New Methods for Optimal Management of Karstic Aquifers: Case of Big Spring Missouri

Monday, December 4, 2017: 4:30 p.m.
Alain Mangin, Ph.D. , Ramboll, Irvine, CA
Farid Achour, PhD , Site Solution and Water Resources, Ramboll, Irvine, CA

The results obtained during these last decades on karstic systems have clearly emphasized their specificities. These specificities are mainly due to the organization of voids in the karst, which, due to the mechanisms of their emplacement, are distributed in an extremely heterogeneous way. Moreover, all the voids do not have the same function with respect to the flows. In saturated medium (saturated karst), some voids (the drains) ensure the propagation of waters: it is the transmissive function, while others (systems connected to the drainage) give an account of their storage which corresponds to the storage function. These properties determine a highly non-linear hydrodynamical behaviour with all its consequences: sensitivity to initial conditions, high unpredictability, and impossibility of using simple deterministic modelling. Due to the permeability contrasts between drains and ancillary systems, depending on the duration of the events (floods), only parts of the aquifer are involved. Therefore, over time, the karstic aquifer possesses a variable geometry.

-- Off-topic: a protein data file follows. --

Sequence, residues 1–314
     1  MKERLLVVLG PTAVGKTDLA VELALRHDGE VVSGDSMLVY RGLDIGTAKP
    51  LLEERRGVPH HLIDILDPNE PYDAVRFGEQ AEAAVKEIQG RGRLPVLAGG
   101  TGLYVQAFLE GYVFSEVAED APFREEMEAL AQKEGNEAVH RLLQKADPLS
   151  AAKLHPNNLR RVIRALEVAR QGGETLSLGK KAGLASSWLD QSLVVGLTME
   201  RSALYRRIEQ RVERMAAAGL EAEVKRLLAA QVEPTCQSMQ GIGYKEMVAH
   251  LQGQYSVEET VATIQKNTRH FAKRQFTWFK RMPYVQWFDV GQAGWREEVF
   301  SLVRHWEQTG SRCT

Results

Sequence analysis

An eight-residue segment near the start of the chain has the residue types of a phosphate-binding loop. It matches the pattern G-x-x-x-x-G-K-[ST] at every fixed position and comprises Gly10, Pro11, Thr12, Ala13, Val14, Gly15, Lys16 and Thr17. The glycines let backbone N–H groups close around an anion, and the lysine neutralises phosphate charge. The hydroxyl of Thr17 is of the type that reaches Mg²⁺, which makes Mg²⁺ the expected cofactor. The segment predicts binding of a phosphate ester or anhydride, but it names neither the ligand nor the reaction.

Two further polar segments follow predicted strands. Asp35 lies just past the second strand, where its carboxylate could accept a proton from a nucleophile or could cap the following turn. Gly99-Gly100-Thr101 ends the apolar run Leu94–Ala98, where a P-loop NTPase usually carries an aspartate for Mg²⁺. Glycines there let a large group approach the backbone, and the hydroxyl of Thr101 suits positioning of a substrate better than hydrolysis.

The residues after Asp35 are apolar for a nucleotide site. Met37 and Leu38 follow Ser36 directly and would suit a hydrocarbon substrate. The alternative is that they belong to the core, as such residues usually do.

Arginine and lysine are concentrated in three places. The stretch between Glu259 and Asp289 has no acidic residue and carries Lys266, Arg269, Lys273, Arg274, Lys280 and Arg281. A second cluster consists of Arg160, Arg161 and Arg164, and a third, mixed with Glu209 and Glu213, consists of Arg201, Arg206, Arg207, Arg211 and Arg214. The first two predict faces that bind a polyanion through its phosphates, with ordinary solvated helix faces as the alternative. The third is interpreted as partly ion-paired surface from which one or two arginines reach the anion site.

To better study, exploit and manage Karstic aquifers, a new approach using systemic analysis is currently used by Ramboll Environ. This approach uses a different state of mind than the conventional hydrogeological approach and requires an abundant collection of continuous data - using transducers - of the various parameters that monitor the functioning of the karstic aquifer (discharges, water levels, rainfall). This approach involved the development of a set of methods and high-performance software to extract information from the collected data, to recognize the physical signatures that are responsible for it and thus, whatever the difficulty encountered, including non-linearities, characterize the dynamics of systems and predict their behaviours. These methods are called correlative and spectral analyses, continuous or discontinuous wavelet analyses, Rescaled Range Analysis, fractal or multifractal analyses and attractor analyses.

The application of these methods to Big Spring, Missouri allowed the establishment of an “Identity Card” of the spring, encompassing all information necessary for an optimal management of the spring.

Alain Mangin, Ph.D., Ramboll, Irvine, CA

Farid Achour, PhD, Site Solution and Water Resources, Ramboll, Irvine, CA
Dr Farid Achour is a Senior Science Advisor and Senior Manager at Ramboll Environ in Irvine California. He has a MS in Hydrogeology and a PhD in Earth Sciences from the University of Besanson in France, he joined the Swiss institute of Hydrogeology for post doctoral researches on water availability in semi arid areas. Dr Achour has 20 years of experience in quantitative hydrogeology and data analysis applied to environmental projects with specialty in geological and hydrogeological characterization and remediation in porous and fractured medias, fate and transport modeling in porous and fractured media, surface water-ground water interaction analysis, and geochemical modeling. Expertise also includes geostatistics, statistics applied to environmental projects.

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